Bionulor is the versatile Pole Sebastian Banaszczyk, whose releases often place the sampling technique to the fore. How fitting that his recent release Stary Pisarz (ONIRON ON.004) is a tribute to one of the progenitors of the literary cut-up method, William Burroughs. The title translates as ‘The Old Writer’ and the music draws on episodes in the colourful life of that cranky old American, with specific references to locales such as Tangier embedded in titles and music. He also refers to particular books of Burroughs. Bionulor did it in 2014 at a multi-media event called the Word Deconstruction Festival, where his music was accompanied by appropriate visuals; there was even a special film made by a Polish collective, wherein the part of Burroughs was played by Leszek Szelag.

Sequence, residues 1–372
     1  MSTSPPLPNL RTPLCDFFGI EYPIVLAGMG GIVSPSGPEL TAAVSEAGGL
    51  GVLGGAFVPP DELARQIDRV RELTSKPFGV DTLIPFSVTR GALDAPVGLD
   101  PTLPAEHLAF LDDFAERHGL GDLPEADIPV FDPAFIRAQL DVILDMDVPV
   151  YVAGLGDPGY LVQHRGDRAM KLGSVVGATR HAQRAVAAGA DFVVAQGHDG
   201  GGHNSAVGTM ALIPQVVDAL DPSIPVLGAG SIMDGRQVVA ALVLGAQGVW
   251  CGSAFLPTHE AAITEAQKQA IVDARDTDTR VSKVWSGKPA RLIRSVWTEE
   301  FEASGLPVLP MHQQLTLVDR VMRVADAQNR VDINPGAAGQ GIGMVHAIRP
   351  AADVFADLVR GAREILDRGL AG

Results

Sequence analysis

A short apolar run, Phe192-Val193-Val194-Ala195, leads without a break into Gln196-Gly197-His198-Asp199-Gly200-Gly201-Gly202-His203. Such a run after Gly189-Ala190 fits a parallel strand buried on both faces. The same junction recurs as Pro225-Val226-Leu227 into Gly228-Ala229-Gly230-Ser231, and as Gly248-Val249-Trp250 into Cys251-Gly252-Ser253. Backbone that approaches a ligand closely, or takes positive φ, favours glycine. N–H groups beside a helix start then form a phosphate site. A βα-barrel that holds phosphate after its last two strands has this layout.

Very often, “tributes” to Burroughs can misfire, and the listener is left facing a clumsy attempt by the artist to convey the randomness of cut-ups through a wild audio jumble of nonsensical sounds. Conversely, the success of Biounlor’s music on this occasion lies in its simplicity and discipline, often juxtaposing only two or three sounds together in a highly mysterious and taut fashion, resulting in compellingly dark fragments held together with strange internal rhythms. Instead of suggesting an aural analogue to reading texts, it’s more as though Stary Pisarz is letting us somehow feel the dreams and imaginative reveries of Burroughs himself, with the Moroccan musical quotes drifting in and out like faded memories. Bionulor has thus succeeded in evoking the mental processes of the writer, rather than simply aping the surface effects of the cut-up. A minor triumph. From 9th March 2016.